To call Captain America: The First Avenger “perfect” would be something of an overstatement– the opening scene serves absolutely no appreciable purpose whatsoever for the movie’s narrative, and the denouement gets a little choppy and falters in set-up and execution. The unsavory frames of film that bookend what you could call Joe Johnston’s masterpiece (with a straight face, too), however, only constitute around ten or fifteen minutes of the picture’s total running time, and everything sandwiched in between those two unappealing slices of celluloid comes together so harmoniously that Captain America comes out a winner despite the bumpy take-off and rough landing.
So, no, I wouldn’t describe this final piece of Marvel’s much-anticipated superhero collaboration extravaganza, The Avengers, in terms of total perfection; it has its flaws, however minor they may end up being and regardless of well it wears them. But it does do a number of things perfectly, and for that it deserves some appropriately enthusiastic praise. How does anybody make a film about a character like Captain America palatable? Or even watchable? Concerns abound when dipping your pen in the schlock-tones of retro ink in the first place, but as far as properties of that description go the Cap may well take the cake– start with the name and work from there. There may be no popular mainstream superhero as inherently hokey as Captain America, so how does a director sell a character to a modern audience?
Johnston has experience with this sort of picture (see 1991’s The Rocketeer), and here he similarly embraces the corniness at the heart of his narrative rather than try to disguise it with unrelenting seriousness. One can’t treat a movie of Captain America‘s sort with too much gravity; we’re talking about a story based around a genetically modified soldier who wears red, white, and blue spandex and fights evil with a similarly embellished shield (which he enjoys throwing like a boomerang). Washing over that congenital silliness would result in a picture that’s straight-laced when it has no right to be. There’s a line Johnston must walk, of course, to make sure that the film doesn’t go too far in the other direction, but he maintains that balance splendidly and lets Captain America: The First Avenger be as giddily absurd as it should be without taking an ounce of the popcorn fun out of the movie’s basic conceit or downplaying the cartoonishness with needless solemnity.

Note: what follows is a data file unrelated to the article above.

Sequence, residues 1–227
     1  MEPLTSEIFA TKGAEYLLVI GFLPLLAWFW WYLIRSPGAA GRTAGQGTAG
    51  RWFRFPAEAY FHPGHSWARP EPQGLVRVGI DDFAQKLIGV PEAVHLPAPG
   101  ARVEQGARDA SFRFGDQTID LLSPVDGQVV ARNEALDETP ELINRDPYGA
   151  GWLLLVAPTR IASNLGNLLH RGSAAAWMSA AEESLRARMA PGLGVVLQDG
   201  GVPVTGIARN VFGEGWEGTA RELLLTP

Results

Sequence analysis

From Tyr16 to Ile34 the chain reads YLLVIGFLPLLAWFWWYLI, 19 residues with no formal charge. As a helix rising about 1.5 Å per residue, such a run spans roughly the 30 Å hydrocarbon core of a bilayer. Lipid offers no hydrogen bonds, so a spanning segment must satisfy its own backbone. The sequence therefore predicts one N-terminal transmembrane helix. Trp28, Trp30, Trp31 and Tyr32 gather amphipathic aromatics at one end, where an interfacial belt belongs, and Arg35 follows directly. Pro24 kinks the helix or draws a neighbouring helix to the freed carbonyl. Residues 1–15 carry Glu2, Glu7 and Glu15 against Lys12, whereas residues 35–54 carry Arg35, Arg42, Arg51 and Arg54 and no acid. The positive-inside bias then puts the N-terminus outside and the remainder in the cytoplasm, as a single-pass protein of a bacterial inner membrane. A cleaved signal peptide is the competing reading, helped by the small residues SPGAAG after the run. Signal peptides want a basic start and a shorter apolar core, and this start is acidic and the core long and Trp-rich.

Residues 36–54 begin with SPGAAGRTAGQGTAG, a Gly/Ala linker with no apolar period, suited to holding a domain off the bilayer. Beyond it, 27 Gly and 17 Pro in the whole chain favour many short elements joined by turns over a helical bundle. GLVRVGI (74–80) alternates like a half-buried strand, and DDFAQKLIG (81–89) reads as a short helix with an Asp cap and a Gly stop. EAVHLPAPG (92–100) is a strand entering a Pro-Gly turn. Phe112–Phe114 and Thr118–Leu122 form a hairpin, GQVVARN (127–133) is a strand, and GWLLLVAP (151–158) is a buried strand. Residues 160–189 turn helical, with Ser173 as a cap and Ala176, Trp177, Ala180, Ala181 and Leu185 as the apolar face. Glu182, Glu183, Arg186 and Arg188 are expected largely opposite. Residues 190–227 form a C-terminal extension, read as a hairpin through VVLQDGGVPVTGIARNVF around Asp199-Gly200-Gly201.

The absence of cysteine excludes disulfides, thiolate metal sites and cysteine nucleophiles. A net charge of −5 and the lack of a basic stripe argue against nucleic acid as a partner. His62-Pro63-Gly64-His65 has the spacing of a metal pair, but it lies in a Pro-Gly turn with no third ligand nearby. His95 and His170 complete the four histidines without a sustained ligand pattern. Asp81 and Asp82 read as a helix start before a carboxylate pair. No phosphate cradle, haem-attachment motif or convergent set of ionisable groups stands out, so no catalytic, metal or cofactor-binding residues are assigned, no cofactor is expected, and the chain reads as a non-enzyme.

By now my opinion on Marvel’s final superhero picture of the year should be clearly identified as “positive”; while it wouldn’t be fair for me to call it the best Marvel movie since Spider-Man 2 (I have seen neither Thor nor X-Men: First Class), it’s definitely the best of the bunch that I have seen short of that 2004 watermark. Here, we’re treated with an altered version of World War II, where our hero first makes his mark, but the Captain of the title isn’t actually a captain at all– he’s Steve Rogers (Chris Evans), a scrawny little chap from Brooklyn who zealously tries to enlist in the US army no matter how many times he’s 4F’d. His enthusiasm and attitude earn him the attention of Dr. Erskine (Stanley Tucci), who finagles recruitment for Rogers and uses him as a subject in an experiment designed to produce the perfect soldier, pushing the puny fellow to the peak of human perfection and then some– tall, muscle-bound, untiring, and gifted with super-human regenerative capabilities.